2015 Texas Chapters Conference
On September 19, 2015, The Federalist Society hosted the 2015 Texas Chapters Conference at the George W. Bush Presidential Center in Dallas, Texas. President of the George W. Bush Presidential Center and former United States Secretary of Education Margaret Spellings welcomed the attendees at the start of the conference. The following panel featured a retrospective on the War on Terror and the Rule of Law.
- Hon. Margaret Spellings, President, George W. Bush Presidential Center and former United States Secretary of Education
Panel: The War on Terror
- Hon. Michael Chertoff, former Secretary, Department of Homeland Security
- Hon. William Haynes, II, former General Counsel, Department of Defense
- Hon. Michael Mukasey, former Attorney General, Department of Justice
- Hon. Larry D. Thompson, former Deputy Attorney General, Department of Justice
- Moderator: Mr. John Rizzo, former Acting General Counsel, Central Intelligence Agency
September 19, 2015 2015 National Security Symposium
The Federalist Society's International & National Security Law Practice Group presented this luncheon address during the 2015 National Security Symposium on April 29 in Washington, D.C.
Luncheon Address: "National Insecurity: Is the Law the Enemy's Weapon?"
11:45 a.m. - 1:00 p.m.
- Andrew C. McCarthy, Senior Fellow, National Review Institute
April 29, 2015 2015 National Security Symposium
The Federalist Society's International & National Security Law Practice Group presented this panel during the 2015 National Security Symposium on April 29 in Washington, D.C.
Panel II: "Are We @Cyberwar, and If So, How Should We Fight It?"
10:30 a.m. - 11:45 a.m.
Several significant cyber incidents, including the recent Sony hack, have been attributed to nation-states or groups closely associated with nation-states. The Intelligence Community's most recent Worldwide Threat Assessment predicts "an ongoing series of low-to-moderate level cyber attacks from a variety of sources over time, which will impose cumulative costs on U.S. economic competitiveness and national security." It identifies Russia, China, Iran and North Korea as Threat Actors. An expert panel will analyze whether any cyber incidents should be considered acts of war, whether U.S. responses be governed by the Law of Armed Conflict, what kinds of incidents warrant responses, and what those responses might be.
- Hon. Stewart A. Baker, Partner, Steptoe & Johnson LLP, former Assistant Secretary of Policy, Department of Homeland Security, and former General Counsel, National Security Agency
- Prof. Eric Talbot Jensen, Brigham Young University Law School, and former Chief, International Law, Office of The Judge Advocate General, U.S. Army
- Catherine B. Lotrionte, Director, CyberProject, School of Foreign Service, Georgetown University, and former former Counsel to the President's Foreign Intelligence Advisory Board, former Assistant General Counsel, Office of General Counsel, Central Intelligence Agency
- Prof. John C. Yoo, Emanuel S. Heller Professor of Law, University of California Berkeley School of Law, former Deputy Assistant U.S. Attorney General, Office of Legal Counsel
- Moderator: Prof. Jeremy A. Rabkin, George Mason University School of Law
April 29, 2015 International & National Security Law Practice Group Podcast
Bret Stephens December 19, 2014
In December 2011 the last American soldier left Iraq. “We’re leaving behind a sovereign, stable, and self-reliant Iraq,” boasted President Obama. He was proved devastatingly wrong less than three years later as jihadists seized the Iraqi city of Mosul. The event cast another dark shadow over the future of global order—a shadow, which, Bret Stephens, Deputy Editorial Page Editor and Foreign Affairs Columnist for The Wall Street Journal, argues, we ignore at our peril.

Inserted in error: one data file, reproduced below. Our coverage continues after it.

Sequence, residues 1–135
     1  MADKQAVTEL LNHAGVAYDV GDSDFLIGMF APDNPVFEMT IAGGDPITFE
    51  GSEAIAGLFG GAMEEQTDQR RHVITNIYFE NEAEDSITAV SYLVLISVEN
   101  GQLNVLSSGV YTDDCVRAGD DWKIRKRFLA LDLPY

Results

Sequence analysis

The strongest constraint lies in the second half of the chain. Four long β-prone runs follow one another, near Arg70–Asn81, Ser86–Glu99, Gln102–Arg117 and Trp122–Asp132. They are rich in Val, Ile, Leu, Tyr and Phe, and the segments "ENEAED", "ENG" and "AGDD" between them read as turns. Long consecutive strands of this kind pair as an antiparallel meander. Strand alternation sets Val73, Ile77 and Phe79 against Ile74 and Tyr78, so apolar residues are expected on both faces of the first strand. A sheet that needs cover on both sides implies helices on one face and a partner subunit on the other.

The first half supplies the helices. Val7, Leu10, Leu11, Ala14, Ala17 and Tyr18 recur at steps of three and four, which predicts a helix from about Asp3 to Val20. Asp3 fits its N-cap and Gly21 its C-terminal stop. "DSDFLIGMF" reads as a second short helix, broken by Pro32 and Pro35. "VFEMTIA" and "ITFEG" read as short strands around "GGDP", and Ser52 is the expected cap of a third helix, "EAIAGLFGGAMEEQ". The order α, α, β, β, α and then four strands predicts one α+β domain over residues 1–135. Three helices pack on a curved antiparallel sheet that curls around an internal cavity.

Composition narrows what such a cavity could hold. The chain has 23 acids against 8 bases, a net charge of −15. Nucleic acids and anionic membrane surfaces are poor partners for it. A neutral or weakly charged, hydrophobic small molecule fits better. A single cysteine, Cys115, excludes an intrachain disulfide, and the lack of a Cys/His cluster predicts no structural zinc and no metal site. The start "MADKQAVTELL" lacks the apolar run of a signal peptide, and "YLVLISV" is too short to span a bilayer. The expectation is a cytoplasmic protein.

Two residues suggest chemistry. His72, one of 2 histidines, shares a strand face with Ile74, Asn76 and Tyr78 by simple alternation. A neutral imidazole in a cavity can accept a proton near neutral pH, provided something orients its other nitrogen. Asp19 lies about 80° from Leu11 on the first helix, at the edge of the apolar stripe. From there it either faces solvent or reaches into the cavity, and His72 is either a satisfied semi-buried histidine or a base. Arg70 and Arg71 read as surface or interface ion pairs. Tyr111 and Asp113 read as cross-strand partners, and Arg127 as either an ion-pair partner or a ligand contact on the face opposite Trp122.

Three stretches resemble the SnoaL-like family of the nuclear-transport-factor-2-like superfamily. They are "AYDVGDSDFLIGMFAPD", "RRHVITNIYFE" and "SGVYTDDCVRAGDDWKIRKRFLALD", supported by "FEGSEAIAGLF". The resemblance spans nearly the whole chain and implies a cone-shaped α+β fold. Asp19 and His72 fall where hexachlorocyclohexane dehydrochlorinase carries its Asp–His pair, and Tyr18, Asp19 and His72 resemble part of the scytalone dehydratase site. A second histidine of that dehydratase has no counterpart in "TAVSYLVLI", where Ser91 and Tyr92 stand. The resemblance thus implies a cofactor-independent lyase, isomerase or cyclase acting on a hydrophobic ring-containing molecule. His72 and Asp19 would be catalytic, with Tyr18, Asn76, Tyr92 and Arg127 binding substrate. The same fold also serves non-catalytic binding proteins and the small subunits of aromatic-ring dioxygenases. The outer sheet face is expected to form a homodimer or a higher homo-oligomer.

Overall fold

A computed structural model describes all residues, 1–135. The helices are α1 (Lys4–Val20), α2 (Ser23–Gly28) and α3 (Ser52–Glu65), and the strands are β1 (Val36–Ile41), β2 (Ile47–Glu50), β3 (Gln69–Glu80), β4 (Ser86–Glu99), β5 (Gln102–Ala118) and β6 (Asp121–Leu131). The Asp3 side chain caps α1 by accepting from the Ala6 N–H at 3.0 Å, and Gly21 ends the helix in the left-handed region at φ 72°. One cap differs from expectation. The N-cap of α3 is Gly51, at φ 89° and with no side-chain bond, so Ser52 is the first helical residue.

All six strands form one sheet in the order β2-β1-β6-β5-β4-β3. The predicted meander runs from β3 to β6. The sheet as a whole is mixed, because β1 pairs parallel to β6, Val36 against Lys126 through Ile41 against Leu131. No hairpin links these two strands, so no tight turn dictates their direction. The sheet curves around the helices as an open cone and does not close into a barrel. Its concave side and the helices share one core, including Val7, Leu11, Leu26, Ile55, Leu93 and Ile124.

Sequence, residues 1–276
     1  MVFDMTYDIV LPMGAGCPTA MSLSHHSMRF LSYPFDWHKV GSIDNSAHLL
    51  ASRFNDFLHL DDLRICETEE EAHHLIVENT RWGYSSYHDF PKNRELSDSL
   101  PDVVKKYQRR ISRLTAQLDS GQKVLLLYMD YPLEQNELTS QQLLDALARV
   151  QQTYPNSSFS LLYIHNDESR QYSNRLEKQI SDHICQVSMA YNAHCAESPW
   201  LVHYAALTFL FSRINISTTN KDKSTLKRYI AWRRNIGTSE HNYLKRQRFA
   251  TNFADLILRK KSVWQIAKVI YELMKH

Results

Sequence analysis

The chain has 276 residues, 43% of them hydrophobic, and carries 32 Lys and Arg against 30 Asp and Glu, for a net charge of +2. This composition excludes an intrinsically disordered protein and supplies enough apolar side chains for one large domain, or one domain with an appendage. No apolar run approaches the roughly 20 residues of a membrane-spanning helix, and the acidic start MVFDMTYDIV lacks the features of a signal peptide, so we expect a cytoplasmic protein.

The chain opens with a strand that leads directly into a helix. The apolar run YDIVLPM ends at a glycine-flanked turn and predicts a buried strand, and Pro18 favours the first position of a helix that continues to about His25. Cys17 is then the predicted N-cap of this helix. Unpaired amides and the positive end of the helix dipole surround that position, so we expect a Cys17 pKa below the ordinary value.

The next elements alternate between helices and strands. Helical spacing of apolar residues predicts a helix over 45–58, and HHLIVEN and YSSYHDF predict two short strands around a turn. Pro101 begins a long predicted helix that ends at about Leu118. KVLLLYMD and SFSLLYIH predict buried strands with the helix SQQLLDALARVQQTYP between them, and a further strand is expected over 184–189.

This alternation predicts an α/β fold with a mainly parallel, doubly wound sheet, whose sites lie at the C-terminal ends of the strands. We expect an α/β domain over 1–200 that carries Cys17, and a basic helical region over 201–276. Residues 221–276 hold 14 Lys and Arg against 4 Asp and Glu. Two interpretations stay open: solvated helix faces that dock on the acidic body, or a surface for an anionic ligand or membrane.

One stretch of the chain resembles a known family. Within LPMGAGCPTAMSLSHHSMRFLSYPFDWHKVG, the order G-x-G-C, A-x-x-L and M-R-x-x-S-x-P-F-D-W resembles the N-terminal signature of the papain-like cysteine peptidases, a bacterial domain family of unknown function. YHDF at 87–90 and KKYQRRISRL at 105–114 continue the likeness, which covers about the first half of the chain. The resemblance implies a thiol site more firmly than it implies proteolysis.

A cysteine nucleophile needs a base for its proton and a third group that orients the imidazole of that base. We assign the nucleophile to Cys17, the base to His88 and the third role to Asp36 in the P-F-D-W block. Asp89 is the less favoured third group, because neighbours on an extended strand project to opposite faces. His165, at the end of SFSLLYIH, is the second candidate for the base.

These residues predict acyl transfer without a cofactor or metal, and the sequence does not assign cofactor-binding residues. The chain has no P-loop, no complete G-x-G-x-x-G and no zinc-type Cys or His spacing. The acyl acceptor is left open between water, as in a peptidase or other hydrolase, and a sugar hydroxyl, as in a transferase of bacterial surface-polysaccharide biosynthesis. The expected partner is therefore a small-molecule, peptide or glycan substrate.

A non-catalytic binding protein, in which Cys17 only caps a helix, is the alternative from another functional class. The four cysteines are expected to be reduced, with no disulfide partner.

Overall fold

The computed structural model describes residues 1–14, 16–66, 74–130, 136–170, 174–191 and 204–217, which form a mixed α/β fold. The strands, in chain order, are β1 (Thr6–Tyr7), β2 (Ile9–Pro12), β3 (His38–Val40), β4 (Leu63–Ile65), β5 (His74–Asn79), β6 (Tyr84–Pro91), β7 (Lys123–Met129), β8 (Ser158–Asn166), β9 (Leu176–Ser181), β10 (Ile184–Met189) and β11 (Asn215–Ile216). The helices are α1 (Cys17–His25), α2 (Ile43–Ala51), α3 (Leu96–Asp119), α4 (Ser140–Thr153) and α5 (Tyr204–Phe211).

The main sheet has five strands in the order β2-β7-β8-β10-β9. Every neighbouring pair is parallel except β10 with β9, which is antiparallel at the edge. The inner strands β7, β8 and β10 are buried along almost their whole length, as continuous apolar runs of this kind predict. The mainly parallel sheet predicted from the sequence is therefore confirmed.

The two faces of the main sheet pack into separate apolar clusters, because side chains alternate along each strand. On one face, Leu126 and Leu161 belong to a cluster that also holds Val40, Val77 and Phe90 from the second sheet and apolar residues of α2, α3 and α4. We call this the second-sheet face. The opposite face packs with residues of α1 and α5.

America in Retreat: The New Isolationism and the Coming Global Disorder identifies a profound crisis on the global horizon. As Americans seek to withdraw from the world to tend to domestic problems, America’s adversaries spy opportunity. Vladimir Putin’s ambitions to restore the glory of the czarist empire go effectively unchecked, as do China’s attempts to expand its maritime claims in the South China Sea, as do Iran’s efforts to develop nuclear capabilities. Civil war in Syria displaces millions throughout the Middle East while turbocharging the forces of radical Islam. Long-time allies such as Japan, Saudi Arabia, and Israel, doubting the credibility of American security guarantees, are tempted to freelance their foreign policy, irrespective of U.S. interests.
Mr. Stephens argues for American reengagement abroad. He explains how military intervention in Iraq and Afghanistan was the right course of action, foolishly executed. He traces the intellectual continuity between anti-interventionist statesmen such as Henry Wallace and Robert Taft in the late 1940s and Barack Obama and Rand Paul today. And he makes an unapologetic case for Pax Americana, “a world in which English is the default language of business, diplomacy, tourism, and technology; in which markets are global, capital is mobile, and trade is increasingly free; in which values of openness and tolerance are, when not the norm, often the aspiration.”
In a chapter imagining the world of 2019, Mr. Stephens shows what could lie in store if Americans continue on their current course. Yet we are not doomed to this future. Mr. Stephens makes a passionate rejoinder to those who argue that America is in decline, a process that is often beyond the reach of political cures. Instead, we are in retreat—the result of faulty, but reversible, policy choices. By embracing its historic responsibility as the world’s policeman, America can safeguard not only greater peace in the world but also greater prosperity at home.
- Bret L. Stephens, Deputy Editorial Page Editor, Foreign Affairs Columnist, The Wall Street Journal